I figure that if I just keep typing, something profound will eventually come out of all this -

Friday, October 28, 2011

Analysis of Gnomeo and Juliet pt. II

-Continuation of previous post-
What major themes are strongly represented?
    -Individual vs. Community

How does the costume/setting/language/cultural representation affect the themes in the play?
    -Garden Gnomes - Because of the cartoon quality and the setting of living, talking garden gnomes, we excuse elements of sheer ridiculousness that we wouldn't accept in a more standard adaptation. However, because of this, the themes can be more excessively blatant. We can see the hate that the gnomes have for one another because of the insane lengths they go to in order to gain revenge. (I.e. ordering an overpowered lawn mower and destroying both gardens in the process) However, this excessive hate only allows the theme of love overcoming all to be that much stronger. Because they hate one another so much, the love between Gnomeo and Juliet has to be that much greater to conquer. 

How do the actors portray certain characters? Again, how does this affect the themes represented?
One Sassy Lady
    -Juliet -Independent and chafing at the restrictions placed upon her. Because of these two major qualities, it seems much more plausible for Juliet to fall for Gnomeo, also it adds slightly more depth to her character and making it seem like less of an impulsive decision.
    -Gnomeo -Family oriented, obedient son. Because you see a side of Romeo not normally seen, the dutiful son, you can relate more to the difficulties faced by Gnomeo when he falls in love with Juliet. However, this may not necessarily be what Shakespeare was aiming for in the original play. By making Romeo more impulsive, and even potentially less likeable, it creates a greater inner conflict for the audience over whether or not they truly wish Romeo and Juliet to have a happy ending. By making characters that everyone roots for, such a tragic ending would not go over well.
Would Shakespeare be rolling over in his grave if he knew about this interpretation?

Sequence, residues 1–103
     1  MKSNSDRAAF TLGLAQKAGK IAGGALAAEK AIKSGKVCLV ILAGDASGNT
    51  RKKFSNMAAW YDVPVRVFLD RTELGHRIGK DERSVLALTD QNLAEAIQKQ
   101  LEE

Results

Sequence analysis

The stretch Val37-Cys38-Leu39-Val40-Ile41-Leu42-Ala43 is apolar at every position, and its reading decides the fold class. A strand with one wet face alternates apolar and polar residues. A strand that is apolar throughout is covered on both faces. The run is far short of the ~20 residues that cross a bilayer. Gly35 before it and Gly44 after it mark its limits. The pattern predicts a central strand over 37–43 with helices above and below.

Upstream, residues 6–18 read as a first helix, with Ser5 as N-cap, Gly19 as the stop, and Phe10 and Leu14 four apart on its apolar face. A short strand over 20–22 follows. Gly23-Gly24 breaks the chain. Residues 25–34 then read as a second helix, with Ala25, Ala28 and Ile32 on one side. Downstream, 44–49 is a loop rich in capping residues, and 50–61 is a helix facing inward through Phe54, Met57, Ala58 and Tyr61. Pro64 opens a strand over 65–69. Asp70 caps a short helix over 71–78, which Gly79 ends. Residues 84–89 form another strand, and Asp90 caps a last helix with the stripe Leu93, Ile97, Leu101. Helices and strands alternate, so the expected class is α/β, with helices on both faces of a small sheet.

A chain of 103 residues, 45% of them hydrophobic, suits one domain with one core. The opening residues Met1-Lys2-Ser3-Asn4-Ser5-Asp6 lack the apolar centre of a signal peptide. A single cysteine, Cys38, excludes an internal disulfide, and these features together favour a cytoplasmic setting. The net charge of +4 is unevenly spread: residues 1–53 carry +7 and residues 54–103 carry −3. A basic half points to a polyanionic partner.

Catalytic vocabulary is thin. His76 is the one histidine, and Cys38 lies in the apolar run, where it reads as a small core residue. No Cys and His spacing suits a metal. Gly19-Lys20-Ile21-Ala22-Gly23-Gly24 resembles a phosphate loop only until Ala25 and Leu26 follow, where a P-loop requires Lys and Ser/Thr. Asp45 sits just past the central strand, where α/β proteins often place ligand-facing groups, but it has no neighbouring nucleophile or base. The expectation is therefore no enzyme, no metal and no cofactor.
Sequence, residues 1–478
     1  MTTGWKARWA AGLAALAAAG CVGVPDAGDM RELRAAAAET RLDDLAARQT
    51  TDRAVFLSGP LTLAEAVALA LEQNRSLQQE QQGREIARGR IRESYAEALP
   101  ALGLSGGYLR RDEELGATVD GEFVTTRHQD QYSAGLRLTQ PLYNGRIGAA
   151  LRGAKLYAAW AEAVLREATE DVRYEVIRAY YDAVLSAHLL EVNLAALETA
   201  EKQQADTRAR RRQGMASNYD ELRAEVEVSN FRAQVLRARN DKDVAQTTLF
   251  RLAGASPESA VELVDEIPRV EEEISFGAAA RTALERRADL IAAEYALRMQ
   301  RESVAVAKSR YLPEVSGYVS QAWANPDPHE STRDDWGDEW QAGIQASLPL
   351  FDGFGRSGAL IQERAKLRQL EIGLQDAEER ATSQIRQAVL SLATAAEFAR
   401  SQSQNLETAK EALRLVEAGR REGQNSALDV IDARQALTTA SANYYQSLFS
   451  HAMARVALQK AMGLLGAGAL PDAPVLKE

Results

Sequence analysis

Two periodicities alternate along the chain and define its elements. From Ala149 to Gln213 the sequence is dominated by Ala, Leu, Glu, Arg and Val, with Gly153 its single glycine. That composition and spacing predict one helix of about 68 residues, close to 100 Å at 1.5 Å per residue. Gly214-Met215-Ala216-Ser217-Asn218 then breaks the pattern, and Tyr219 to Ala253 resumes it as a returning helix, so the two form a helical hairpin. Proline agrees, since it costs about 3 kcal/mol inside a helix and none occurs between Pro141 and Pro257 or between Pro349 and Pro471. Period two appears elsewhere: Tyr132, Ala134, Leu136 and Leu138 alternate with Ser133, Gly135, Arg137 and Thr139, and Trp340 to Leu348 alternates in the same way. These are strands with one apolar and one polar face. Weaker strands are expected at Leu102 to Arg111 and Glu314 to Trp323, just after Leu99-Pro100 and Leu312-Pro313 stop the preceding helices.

-I'd like to think that Shakespeare had a relatively good sense of humor, and considering the number of references to other Shakespeare plays, he'd have a good I don't think the ol' bard would mind this version to much
What kind of interaction is there between main characters?

    -Gnomeo & Mother - I mentioned this with Gnomeo, but I think it deserves some follow up. Gnomeo and his mother really do have a good relationship, which isn't originally portrayed in the play. It adds to the themes, because you can really see that Gnomeo loves and respects his mother, and when she tells him to hate the Reds, he really does. She eggs him on in seeking revenge and encourages him in all he does. It really shows how it's the parents hate that causes all this contention. In turn, this helps the slightly religious theme of "Sins of the parents upon the heads of the children." Before this, I had never really thought of Romeo and Juliet in that context, that the death of their children is really the parents punishment for their hate and malice. Because of this interaction between Gnomeo and his mother, this theme can come out, even if Gnomeo and Juliet don't die at the end.

    -Overall, I'm pleasantly surprised at some of the ideas that came from this analysis. Definitely not the most profound versions of Romeo and Juliet, but it does serve it's purpose. It's the first step for people to get involved in the world of Shakespeare, and isn't necessarily a bad step.

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